GURU EDITOR'S NOTE
A discussion surrounding the concept of katanyu, which is often translated to being grateful or showing gratitude towards one's parents or those who've been kind to you, entered Thai society's zeitgeist last week unintentionally, as a by-product of another online drama.
Famous online vendor Pimrypie, who's known for her sassy attitude and tear-jerking viral videos of her helping out the less fortunate, put someone on blast while going Facebook Live after they said she had passed her peak as not many people watch her. Pimrypie put them down, asking how much money they made in comparison to her and boasted about the big empire she runs with many employees under her leadership. A doctor/influencer came to Pimrypie's defence saying Pimrypie's giving her father B5 million as a katanyu act and asked whether those who criticised her could do the same. Influencer Flukkaron jumped into the conversation and said giving a lot of money to parents as katanyu shows the government's failure (in providing welfare for the elderly) and not all children can afford to give their parents a lot of money as it's difficult enough to feed themselves.
There are two camps on the opposite ends of this katanyu continuum. The most traditional way (and the way I've been taught growing up) is that you, as a child, are indebted to your parents who give you life, food, shelter, love, education and other necessities during your formative years to become a functional member of society. Therefore, when your parents are frail and can't work anymore, you should repay them with money, things and visits. Pretty straightforward.
The other extreme holds the view that parents choose to have children, who didn't ask to be born. To have a child with the expectation that they must take care of you when you're old sounds like a business decision. It's not about love. It's an investment that holds an unwilling party to moral and financial obligations that they didn't ask for or consent to. Unfair if you really think about it. You can even argue that Thai society puts so much emphasis on katanyu as a smokescreen to cover up the structural failure of the government to take care of their people in their twilight years. The responsibility of taking care of the elderly in society has been pushed to working adults and young adults instead.
I'm not sure if katanyu, which is definitely a virtue to possess, is being misused when there are countless debates on Pantip regarding how much a child should give their parents each month or trepidation of children visiting their upcountry homes without many gifts for parents. Many have commented how katanyu is such a unique Thai virtue that farangs don't have. Some have argued that farang parents don't have to rely on their children because they have built up enough financial stability or have social welfare to provide for themselves and their children keep in touch through phone calls and holiday visits.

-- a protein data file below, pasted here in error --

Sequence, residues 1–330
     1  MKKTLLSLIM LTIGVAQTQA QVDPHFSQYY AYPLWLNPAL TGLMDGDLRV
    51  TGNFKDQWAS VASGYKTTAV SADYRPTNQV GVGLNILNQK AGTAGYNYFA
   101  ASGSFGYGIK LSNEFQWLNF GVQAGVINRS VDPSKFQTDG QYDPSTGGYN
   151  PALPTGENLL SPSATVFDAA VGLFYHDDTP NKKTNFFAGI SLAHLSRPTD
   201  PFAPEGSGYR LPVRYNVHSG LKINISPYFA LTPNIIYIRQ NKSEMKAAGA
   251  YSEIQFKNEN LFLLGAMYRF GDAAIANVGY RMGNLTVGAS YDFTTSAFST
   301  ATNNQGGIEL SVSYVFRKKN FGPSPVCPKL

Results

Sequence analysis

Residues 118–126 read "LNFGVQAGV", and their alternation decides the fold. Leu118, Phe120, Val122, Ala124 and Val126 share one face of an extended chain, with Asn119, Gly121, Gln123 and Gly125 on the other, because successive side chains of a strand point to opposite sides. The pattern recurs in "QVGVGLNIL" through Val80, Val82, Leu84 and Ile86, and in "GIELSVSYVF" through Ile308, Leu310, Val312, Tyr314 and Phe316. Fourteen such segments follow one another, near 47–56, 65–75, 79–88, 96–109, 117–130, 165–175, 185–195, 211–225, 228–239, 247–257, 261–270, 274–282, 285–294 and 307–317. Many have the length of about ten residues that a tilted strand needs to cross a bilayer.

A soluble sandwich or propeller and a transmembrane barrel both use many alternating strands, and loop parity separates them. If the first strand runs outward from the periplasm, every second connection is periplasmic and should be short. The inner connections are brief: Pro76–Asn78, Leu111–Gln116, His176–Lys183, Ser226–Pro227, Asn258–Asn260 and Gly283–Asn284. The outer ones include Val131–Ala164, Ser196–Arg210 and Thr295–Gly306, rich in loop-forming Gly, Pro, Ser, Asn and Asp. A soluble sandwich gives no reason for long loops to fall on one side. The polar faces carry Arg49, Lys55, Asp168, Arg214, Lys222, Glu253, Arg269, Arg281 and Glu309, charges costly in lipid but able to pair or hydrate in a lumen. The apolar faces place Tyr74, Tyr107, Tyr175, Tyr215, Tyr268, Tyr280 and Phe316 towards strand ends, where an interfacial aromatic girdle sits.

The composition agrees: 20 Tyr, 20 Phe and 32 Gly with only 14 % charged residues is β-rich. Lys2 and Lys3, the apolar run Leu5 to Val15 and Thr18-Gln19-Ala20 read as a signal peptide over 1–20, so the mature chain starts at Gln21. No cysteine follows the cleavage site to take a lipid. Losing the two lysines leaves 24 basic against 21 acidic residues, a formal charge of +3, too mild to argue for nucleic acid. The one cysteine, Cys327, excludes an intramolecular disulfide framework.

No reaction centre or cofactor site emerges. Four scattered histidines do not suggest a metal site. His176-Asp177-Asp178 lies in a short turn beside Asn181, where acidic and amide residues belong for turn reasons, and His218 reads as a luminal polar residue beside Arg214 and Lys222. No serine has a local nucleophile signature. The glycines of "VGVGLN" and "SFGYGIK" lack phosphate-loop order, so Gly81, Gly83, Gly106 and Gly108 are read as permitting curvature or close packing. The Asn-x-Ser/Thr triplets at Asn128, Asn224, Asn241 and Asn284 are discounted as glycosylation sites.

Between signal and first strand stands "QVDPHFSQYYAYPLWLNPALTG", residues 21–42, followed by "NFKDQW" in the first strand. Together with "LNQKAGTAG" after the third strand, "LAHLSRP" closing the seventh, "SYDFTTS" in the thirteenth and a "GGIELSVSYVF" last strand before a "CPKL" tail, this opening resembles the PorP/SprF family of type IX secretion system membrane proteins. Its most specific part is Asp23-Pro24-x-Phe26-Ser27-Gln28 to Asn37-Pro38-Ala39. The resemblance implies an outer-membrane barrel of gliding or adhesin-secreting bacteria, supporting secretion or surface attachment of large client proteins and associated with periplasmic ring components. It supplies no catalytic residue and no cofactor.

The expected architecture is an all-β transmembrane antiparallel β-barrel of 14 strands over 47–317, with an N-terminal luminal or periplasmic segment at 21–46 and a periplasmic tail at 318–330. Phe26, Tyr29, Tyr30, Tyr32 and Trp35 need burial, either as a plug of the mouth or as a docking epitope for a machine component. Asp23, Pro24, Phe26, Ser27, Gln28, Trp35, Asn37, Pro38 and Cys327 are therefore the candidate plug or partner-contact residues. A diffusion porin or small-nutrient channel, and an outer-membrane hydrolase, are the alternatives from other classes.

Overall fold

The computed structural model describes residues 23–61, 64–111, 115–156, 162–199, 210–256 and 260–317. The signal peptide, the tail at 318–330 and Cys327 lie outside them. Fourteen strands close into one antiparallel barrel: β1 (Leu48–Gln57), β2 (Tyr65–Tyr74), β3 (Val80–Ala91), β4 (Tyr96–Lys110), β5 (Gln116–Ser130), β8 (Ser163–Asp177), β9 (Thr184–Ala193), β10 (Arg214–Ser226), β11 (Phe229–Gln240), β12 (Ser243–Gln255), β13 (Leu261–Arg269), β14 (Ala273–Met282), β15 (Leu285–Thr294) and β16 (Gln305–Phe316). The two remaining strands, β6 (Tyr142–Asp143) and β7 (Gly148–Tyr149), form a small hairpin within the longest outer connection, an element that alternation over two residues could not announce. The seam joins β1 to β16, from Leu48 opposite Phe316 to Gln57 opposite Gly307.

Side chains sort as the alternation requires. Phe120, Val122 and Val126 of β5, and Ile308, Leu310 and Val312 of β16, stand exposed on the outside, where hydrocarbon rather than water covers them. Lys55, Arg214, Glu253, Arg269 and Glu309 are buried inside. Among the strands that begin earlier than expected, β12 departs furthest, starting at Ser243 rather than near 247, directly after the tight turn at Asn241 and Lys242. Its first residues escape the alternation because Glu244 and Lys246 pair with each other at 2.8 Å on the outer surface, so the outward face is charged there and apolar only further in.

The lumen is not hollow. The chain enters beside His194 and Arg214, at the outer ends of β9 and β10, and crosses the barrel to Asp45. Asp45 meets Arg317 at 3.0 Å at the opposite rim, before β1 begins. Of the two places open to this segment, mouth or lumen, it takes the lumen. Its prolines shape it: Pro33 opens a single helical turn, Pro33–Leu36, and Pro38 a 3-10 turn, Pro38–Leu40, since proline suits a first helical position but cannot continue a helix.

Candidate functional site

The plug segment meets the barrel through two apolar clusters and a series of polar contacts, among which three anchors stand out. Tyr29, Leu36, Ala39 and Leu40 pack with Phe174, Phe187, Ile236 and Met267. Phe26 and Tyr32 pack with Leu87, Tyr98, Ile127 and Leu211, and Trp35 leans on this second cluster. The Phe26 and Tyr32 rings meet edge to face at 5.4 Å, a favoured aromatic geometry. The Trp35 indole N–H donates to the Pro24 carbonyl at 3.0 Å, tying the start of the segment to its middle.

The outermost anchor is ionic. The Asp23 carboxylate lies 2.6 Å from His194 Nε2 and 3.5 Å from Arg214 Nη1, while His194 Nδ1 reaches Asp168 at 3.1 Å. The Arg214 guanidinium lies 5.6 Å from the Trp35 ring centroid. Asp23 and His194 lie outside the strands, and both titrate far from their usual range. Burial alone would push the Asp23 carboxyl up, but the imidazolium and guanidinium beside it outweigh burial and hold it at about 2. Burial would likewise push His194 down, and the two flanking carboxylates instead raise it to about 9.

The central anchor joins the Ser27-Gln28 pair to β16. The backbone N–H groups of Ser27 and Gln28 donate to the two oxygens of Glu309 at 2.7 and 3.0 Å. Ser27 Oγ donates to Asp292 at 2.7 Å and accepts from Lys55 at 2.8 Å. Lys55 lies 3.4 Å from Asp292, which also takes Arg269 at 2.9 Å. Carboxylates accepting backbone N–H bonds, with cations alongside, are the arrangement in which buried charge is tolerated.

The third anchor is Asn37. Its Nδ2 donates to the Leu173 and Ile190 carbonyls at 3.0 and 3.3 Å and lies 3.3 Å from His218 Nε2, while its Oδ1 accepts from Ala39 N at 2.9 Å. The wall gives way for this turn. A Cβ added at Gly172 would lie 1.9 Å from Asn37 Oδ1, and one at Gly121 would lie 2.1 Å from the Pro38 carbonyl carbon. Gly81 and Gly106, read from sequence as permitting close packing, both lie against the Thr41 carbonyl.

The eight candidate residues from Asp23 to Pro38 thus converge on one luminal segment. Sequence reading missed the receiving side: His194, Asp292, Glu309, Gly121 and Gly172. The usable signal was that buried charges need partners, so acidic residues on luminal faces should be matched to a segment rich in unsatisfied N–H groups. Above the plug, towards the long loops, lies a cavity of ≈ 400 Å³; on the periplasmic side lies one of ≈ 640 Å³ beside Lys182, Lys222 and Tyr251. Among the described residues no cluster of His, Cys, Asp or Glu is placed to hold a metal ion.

Speaking from a place of privilege, my parents, who are well into their retirement, are way richer than me and they've built up solid portfolios, which generate a sizeable income. We're Bangkokian-Chinese and we've never gone on a holiday, even to Pattaya, as a family. True story. They've never asked me for a monthly allowance (my mum slips me a couple B1,000 notes and buys food for me every week as if I'm still at school) and I help them out with doctor appointments, vaccinations at Bang Sue, paperwork, tax filing, smartphone apps, among other small tasks.
I'm well aware that I could never repay them for what they have done for me and I certainly can't give them B5 million. Am I not katanyu?
Ideally, children should love and appreciate their parents enough that they feel the need to repay their parents on their own accord, in their own way and within their means while building a life for themselves. Ideally again, parents should have invested and saved enough money to provide for themselves during their retirement years without being dependent on their children. The government, too, could have done a better job at taking care of elder members of society to repay them for contributions and taxes they have made through decades.
Do children need the pressure of being super katanyu to make their lives harder than it has to be? I think not. They are their own people and not subjects of their parents.
Guru section Editor
Guru section Editor
Email : firstname.lastname@example.org